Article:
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Environmental Entrepreneur & Military Child , Mathew Entre

A typical seven-year-old boy has his hands full with school, maybe a few hobbies and lots of time playing with family and friends, but Matthew Rafter was not your typical seven-year-old. As part of a military family Matthew had moved six times by his seventh birthday and at that point decided it was a great time to start his own business.

“At my school we had a program where we folded compost bin liners (from old newspapers) and once it stopped I thought it’s kind of a waste not to use these and I thought it would be a good idea to keep going, so I folded them and would go around my neighbourhood and sell them out of my wagon,” explained Matthew.

Three years later and M-Company  is going strong with a strong customer base in Ottawa. He currently has two products in its line: premium bin liners and economy.

“The first time we folded 50 per week, now I have four or five orders a week, so 200-300 bin liner orders to fill. The average order takes a day. It takes a week or two to fill a large order,” noted Mathew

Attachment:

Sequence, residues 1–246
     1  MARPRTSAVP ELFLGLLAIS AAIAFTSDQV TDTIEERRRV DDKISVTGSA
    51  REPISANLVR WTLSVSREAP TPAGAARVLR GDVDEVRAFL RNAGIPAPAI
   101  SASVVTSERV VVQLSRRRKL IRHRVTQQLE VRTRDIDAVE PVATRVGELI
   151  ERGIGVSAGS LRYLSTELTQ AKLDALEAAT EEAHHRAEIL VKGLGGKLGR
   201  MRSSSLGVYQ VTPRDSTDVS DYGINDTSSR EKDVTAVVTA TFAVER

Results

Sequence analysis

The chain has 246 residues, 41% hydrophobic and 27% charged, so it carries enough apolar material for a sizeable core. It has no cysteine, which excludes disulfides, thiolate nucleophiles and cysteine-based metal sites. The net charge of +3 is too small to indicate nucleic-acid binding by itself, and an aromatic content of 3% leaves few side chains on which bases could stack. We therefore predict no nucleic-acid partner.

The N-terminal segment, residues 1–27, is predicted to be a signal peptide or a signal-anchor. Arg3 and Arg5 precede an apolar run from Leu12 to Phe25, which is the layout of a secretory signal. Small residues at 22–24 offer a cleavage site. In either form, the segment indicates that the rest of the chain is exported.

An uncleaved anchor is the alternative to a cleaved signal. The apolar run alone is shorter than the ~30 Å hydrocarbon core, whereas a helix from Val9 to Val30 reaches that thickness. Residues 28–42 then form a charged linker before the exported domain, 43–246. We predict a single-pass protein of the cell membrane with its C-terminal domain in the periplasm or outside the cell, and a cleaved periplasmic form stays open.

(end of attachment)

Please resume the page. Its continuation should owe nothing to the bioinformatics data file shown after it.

He says it was his mom Cathy, a retired Canadian Forces member and entrepreneur herself, who inspired him to start the company. Cathy says it’s been amazing to watch Matthew grow throughout the process.

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“It’s the incidental learning, the skills that he’s developing in customer service and customer relations are excellent and being accountable for promises that you make. It’s helping him develop a level of maturity and responsibility, not many 10 year olds open the paper to check their stocks,” said Cathy.

Investing in mutual funds are one of three areas Matthew is allowed to spend his hard earned dollars, the other two being savings or donations to charity. So far M-Company has sponsored a coach from Matthew’s Taekwondo club to attend the 2013 World Championships and has donated funds to the Hope For Wildlife Society in Halifax, Nova Scotia. Matthew’s parents, his dad is an Air Force Logistics Officer, help fold liners if needed and mom Cathy takes 10 per cent of Matthew’s profits to cover overhead.

“I wanted him to understand all the money that comes in is not purely profit. The 10 per cent goes toward marketing materials, the wagon needing a new wheel, those type of things,” explained Cathy.

Also included in that overhead is the cost of M&M’s for Matthew’s sister when she helps him fold his bin liners.

When it comes to advice for other young business people Matthew said it’s key that you are talking to your clients and that you are always polite. When asked about the ups and downs of business life he admits, “The hardest part is probably the simplest but hardest, keeping up with the orders. The best part about it is being able to spend some time with my mom and dad on something productive that can help all of us.”

**This article was originally published in our Fall 2014 issue.**

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